New Club Closes Gender Gap in Volleyball


Brooke Dion

Players on the Boys Volleyball team huddle during a game in Rockwell on Feb. 16

This year, a new club emerged allowing boys to participate in volleyball games. Male students can now participate in and compete in volleyball competitions thanks to the establishment of the Plano East Boys Volleyball. The club was newly formed to expose the sport to more people and increase exposure to the community. 

“I introduced my brothers to volleyball at a young age,” senior and club co-founder Madison Tran said. “When they grew up, they started playing club volleyball at Excel. They went out to the [recreation] center and played with their guy friends. Just seeing a bunch of guys wanting to play [volleyball] for fun and wanting to compete [made me want] to see that go further. Me and my brothers discussed how we wanted to try it and other friends of ours wanted to be included.”

The number of boys volleyball teams in the United States increased over the past few years. There are male volleyball programs in 36 states. While the exact number isn’t confirmed, there are less than 100 boys’ Texas high school volleyball teams in existence today. Boys volleyball is not a class at the school, so this club wants to make the sport more accessible to everyone.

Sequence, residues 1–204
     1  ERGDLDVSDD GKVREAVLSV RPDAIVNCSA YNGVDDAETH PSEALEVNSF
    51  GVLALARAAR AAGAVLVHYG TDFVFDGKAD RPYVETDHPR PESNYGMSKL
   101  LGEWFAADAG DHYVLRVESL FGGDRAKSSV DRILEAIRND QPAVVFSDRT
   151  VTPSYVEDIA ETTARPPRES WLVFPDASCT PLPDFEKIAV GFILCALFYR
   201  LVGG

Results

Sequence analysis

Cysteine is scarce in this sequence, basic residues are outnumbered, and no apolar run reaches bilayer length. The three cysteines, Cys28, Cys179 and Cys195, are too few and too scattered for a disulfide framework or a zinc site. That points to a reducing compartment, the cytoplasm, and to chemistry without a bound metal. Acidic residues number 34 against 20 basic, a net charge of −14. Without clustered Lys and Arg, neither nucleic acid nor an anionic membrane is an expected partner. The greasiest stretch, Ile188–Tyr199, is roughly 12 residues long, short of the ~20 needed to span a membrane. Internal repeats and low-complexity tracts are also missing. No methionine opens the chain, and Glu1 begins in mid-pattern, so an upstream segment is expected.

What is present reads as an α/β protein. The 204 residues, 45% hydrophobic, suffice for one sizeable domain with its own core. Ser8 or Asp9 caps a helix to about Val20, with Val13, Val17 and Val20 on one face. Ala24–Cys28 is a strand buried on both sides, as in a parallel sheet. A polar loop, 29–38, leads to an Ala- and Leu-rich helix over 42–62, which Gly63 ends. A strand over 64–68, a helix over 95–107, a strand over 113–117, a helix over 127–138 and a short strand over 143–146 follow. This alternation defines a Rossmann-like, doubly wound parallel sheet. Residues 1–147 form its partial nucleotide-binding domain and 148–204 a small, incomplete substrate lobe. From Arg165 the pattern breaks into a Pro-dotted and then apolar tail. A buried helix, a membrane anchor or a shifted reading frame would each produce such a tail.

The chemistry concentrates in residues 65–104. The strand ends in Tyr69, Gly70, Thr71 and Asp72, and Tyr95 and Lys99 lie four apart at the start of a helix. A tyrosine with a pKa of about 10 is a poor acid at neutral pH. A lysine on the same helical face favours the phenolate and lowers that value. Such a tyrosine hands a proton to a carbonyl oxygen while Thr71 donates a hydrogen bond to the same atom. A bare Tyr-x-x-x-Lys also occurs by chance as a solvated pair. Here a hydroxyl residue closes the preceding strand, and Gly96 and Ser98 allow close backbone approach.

“In states like Texas, there’s not [as] many boys volleyball teams as there are in states like California and all that so it’s not as popular,” sophomore and club co-founder Connor Tran said. “Sometime in the next few years, they’re hoping to make [boys volleyball] a UIL sanctioned sport. I know some schools are making it an actual class period for their school.”

Texas has not yet designated men’s volleyball as a UIL sport, despite the sport’s developments in other states. The Texas High School Volleyball League (TBHSV) is where the majority of boys’ volleyball teams compete at the moment. The league works to expand competitive high school boys’ volleyball teams throughout Texas.  The club’s members continue to hold out hope that boys volleyball will become a UIL-approved sport in the future.

“In 2018, [men’s volleyball] was rejected as a UIL sport,” co-founder and player Dozie Ononye said. “The league we’re playing in right now helps get more exposure to the sport. If UIL sees how many people are interested, they might approve it next time it [is] brought up in one of their meetings.”

The club’s founders hope that the sport will become more accessible to more people and close the gender gap.

“It will give other individuals a chance that they didn’t have before to play something that they love,” Tran said. “Before we started, there were people who wanted to play but couldn’t play because it was only girls. I also think that it sets an example for future clubs and the community that if you want something, you can make it happen. Nothing should be inclusive for just one group.”